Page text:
(CBS/AP) BEIRUT - The head of the U.N. observers in Syria said Friday a spike in bloodshed is derailing the mission to monitor and defuse more than a year of violence, raising questions about how effective the unarmed force can be in a conflict that every day looks more like a civil war.
U.N. Peacekeeping Chief Spokesman Kieran Dwyer told CBS'News' Pamela Falk that they are just pulling back for now, but not formally or informally suspending the mission. All 300 observers remain in the country, but they have had to limit their activities for the time being, Dwyer said, and mission will continue to evaluate its presence in Syria on a day-by-day basis.
The troubles facing the observer mission are the latest sign that an international peace plan for Syria is disintegrating. Western powers have pinned their hopes on the plan, brokered two months ago by special envoy Kofi Annan, in part because there are no other options on the table. There is little support for military intervention, and several rounds of sanctions have failed to stop the bloodshed.
"Violence over the past 10 days has been intensifying willingly by the both parties, with losses on both sides and significant risks to our observers," Maj. Gen. Robert Mood told reporters in Damascus, the Syrian capital.
Mood also said there was a concern among the states providing observers that the risk is approaching an unacceptable level suggesting the violence could prompt the nearly 300 observers to pull out of the country at some point. He did not provide further details.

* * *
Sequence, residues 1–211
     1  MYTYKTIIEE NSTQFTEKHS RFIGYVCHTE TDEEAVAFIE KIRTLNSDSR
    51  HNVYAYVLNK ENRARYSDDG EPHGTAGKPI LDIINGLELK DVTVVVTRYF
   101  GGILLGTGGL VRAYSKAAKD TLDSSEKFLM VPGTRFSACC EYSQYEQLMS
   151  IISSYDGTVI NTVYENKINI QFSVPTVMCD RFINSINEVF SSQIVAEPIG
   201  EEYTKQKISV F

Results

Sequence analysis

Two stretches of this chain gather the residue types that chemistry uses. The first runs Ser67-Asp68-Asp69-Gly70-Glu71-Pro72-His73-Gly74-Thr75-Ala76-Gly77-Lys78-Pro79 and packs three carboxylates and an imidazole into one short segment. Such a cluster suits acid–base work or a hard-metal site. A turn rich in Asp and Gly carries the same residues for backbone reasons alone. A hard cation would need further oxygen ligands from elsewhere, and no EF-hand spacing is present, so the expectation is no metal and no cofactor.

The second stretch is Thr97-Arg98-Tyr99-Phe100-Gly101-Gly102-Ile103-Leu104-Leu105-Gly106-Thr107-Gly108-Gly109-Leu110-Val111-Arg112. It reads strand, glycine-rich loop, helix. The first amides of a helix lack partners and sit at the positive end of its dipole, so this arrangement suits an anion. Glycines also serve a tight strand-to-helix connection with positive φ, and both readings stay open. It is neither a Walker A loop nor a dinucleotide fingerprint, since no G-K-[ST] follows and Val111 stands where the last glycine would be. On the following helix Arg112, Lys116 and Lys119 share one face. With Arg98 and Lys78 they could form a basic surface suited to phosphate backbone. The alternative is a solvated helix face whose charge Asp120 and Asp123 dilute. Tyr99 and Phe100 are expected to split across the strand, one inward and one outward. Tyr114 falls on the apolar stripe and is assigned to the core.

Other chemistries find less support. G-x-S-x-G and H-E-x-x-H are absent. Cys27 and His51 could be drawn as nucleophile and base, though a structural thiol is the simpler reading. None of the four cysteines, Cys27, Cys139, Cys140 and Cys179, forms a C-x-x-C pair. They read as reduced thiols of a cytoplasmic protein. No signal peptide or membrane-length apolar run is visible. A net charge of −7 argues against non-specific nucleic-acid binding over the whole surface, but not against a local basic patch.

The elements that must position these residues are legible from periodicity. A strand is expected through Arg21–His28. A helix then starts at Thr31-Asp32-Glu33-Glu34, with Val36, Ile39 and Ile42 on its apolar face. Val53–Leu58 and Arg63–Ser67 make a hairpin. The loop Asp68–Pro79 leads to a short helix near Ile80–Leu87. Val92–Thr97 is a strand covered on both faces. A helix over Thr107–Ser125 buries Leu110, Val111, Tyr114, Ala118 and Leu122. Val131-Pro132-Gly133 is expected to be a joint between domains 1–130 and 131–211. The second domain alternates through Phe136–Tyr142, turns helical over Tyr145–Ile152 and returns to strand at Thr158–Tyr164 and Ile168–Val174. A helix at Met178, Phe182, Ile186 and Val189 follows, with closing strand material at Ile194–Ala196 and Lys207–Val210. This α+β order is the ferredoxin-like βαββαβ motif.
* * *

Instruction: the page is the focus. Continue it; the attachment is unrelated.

Mood's comments were the clearest sign yet that Annan's peace plan is falling apart. The regime and the opposition have ignored a cease-fire that was supposed to go into effect April 12.
The Britain-based Syrian Observatory for Human Rights called on the observers to "either work on stopping the killings or leave." The group said the observers' role has become to "witness the killing in Syria" rather than implement Annan's six-point plan.
It was the harshest criticism of the observers by an activist group since they started their work in April.
Some analysts say that even if the number of observers increased by tenfold, it still would be very difficult for them to report and investigate acts of violence throughout the country.
"Even 3,000 observers will not be enough," said Hisham Jaber, a former Lebanese army general who heads the Beirut-based Middle East Center for Studies and Public Relations.
Still, the presence of the observers is considered critical to understanding the conflict in a country where the government prevents reporters from operating independently.
Mood said all the observers are frustrated because the violence has not only persisted but actually increased over the past few days.
"We would like to see last week, yesterday, not tomorrow, next week a different situation where those who have their fingers on the triggers, whomever they are, make the decision to take their fingers off the triggers and give the Syrian people a chance to move forward," he said.
On Friday, the Syrian regime kept up a ferocious offensive on rebel areas around the country in one of the most serious escalations in violence since Annan brokered the nominal truce.
An activist in the northern city of Aleppo said troops backed by helicopters and tanks were engaged in "raging battles" several miles (kilometers) away in the rebel-held town of Anadan, and in other towns in the district.
Elsewhere, activists said Syrian troops heavily shelled the central city of Homs, which has come under attack for days.
The violence did not stop thousands of Syrians from taking part in demonstrations against President Bashar Assad on Friday, marching from mosques, gathering in town squares, chanting, singing and dancing against the regime.
"Even if I die, I will still be a rebel," sang the leader of a demonstration in the northern city of Idlib, according to amateur video. "Oh Bashar, you will flee."